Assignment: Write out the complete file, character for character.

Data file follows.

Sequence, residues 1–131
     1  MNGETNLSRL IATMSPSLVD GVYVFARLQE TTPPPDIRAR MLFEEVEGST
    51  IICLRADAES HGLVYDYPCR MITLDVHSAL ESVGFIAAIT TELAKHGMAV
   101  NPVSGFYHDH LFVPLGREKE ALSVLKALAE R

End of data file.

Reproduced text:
Sequence, residues 1–131
     1  MNGETNLSRL IATMSPSLVD GVYVFARLQE TTPPPDIRAR MLFEEVEGST
    51  IICLRADAES HGLVYDYPCR MITLDVHSAL ESVGFIAAIT TELAKHGMAV
   101  NPVSGFYHDH LFVPLGREKE ALSVLKALAE R